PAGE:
Ancient Monuments

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Defended settlement, 1.05 km north west of North Farm

A Scheduled Monument in Adderstone with Lucker, Northumberland

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Latitude: 55.5563 / 55°33'22"N

Longitude: -1.7697 / 1°46'10"W

OS Eastings: 414626.661072

OS Northings: 629202.483346

OS Grid: NU146292

Mapcode National: GBR J426.N1

Mapcode Global: WHC0R.SLHT

Entry Name: Defended settlement, 1.05 km north west of North Farm

Scheduled Date: 23 August 1968

Source: Historic England

Source ID: 1006478

English Heritage Legacy ID: ND 432

County: Northumberland

Civil Parish: Adderstone with Lucker

Traditional County: Northumberland

Lieutenancy Area (Ceremonial County): Northumberland

Church of England Parish: Lucker St Hilda

Church of England Diocese: Newcastle


The monument includes the remains of an Iron Age defended settlement situated on a slight ridge overlooking Howe Water. The settlement survives as an enclosure, sub-oval in shape, which has been constructed to follow the natural contours of the ridge upon which it is located. Where the slope is steepest it has been scarped to form a berm with an average width of 4m. The enclosure is surrounded on all other sides by a double bank and ditch, the latter is on average about 10m wide There is an entrance through the ramparts on the south west side.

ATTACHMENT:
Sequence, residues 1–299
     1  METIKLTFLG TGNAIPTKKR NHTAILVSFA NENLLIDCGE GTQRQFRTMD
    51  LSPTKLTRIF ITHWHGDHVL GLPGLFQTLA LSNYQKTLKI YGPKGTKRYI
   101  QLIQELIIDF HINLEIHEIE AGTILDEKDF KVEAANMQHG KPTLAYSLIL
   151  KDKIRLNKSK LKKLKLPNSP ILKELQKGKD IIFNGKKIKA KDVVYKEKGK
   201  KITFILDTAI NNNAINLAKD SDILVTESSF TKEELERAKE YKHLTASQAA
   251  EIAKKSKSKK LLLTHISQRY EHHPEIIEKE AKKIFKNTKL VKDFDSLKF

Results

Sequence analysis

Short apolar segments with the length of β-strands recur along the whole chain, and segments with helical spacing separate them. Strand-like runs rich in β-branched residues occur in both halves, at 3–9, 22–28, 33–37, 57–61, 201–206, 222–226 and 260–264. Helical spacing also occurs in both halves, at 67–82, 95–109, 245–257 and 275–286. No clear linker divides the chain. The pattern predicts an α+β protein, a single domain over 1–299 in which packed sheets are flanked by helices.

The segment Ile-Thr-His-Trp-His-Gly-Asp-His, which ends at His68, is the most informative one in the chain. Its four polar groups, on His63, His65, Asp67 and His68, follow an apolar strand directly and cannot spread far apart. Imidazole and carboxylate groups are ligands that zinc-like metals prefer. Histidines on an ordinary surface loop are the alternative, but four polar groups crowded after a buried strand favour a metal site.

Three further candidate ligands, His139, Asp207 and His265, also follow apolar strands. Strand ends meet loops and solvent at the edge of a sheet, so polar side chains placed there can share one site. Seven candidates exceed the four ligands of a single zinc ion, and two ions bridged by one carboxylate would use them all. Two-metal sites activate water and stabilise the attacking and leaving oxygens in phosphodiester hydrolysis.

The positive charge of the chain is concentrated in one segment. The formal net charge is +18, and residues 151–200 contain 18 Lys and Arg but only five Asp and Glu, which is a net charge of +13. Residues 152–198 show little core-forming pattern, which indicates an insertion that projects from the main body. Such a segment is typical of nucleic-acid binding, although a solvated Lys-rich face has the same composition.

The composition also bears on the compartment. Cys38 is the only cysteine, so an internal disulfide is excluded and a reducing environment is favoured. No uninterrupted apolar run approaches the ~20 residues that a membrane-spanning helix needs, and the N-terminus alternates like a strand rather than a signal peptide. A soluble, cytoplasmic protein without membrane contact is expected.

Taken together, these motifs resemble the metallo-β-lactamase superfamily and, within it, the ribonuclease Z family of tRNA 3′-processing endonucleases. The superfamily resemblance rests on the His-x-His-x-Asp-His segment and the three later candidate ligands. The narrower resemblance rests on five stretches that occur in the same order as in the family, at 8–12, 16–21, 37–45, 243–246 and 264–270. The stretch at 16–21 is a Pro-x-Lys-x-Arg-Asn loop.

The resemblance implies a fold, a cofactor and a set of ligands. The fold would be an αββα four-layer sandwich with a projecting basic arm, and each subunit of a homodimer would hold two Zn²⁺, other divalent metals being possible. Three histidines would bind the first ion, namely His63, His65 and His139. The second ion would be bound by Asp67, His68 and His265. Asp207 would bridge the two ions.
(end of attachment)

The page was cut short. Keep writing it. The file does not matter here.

PastScape Monument No:- 7398
NMR:- NU12NW19
Northumberland HER:- 4916

Source: Historic England

Reasons for Scheduling

During the earlier Iron Age (seventh to fifth centuries BC) a variety of different types of defensive settlements began to be constructed and occupied in the northern uplands of England. The most obvious sites were hillforts built in prominent locations. In addition to these a range of smaller sites, sometimes with an enclosed area of less than 1ha and defined as defended settlements, were also constructed. Some of these were located on hilltops, others are found in less prominent positions. The enclosing defences were of earthen construction, some sites having a single bank and ditch (univallate), others having more than one (multivallate). At some sites these earthen ramparts represent a second phase of defence, the first having been a timber fence or palisade. Within the enclosure a number of stone or timber-built round houses were occupied by the inhabitants. Stock may also have been kept in these houses, especially during the cold winter months, or in enclosed yards outside them. The communities occupying these sites were probably single family groups, the defended settlements being used as farmsteads. Construction and use of this type of site extended over several centuries, possibly through to the early Romano-British period (mid to late first century AD). Defended settlements are a rare monument type. They were an important element of the later prehistoric settlement pattern of the northern uplands and are important for any study of the developing use of fortified settlements during this period. All well-preserved examples are believed to be of national importance.
The defended settlement, 1.05 km north west of North Farm survives well and represents a good example of a small northern defended settlement. It provides insight into the diversity of settlement forms during the Iron Age. The presence of upstanding earthworks indicates that the monument will contain archaeological deposits relating to its construction, use and abandonment and environmental deposits relating to the use of the surrounding landscape.

Source: Historic England

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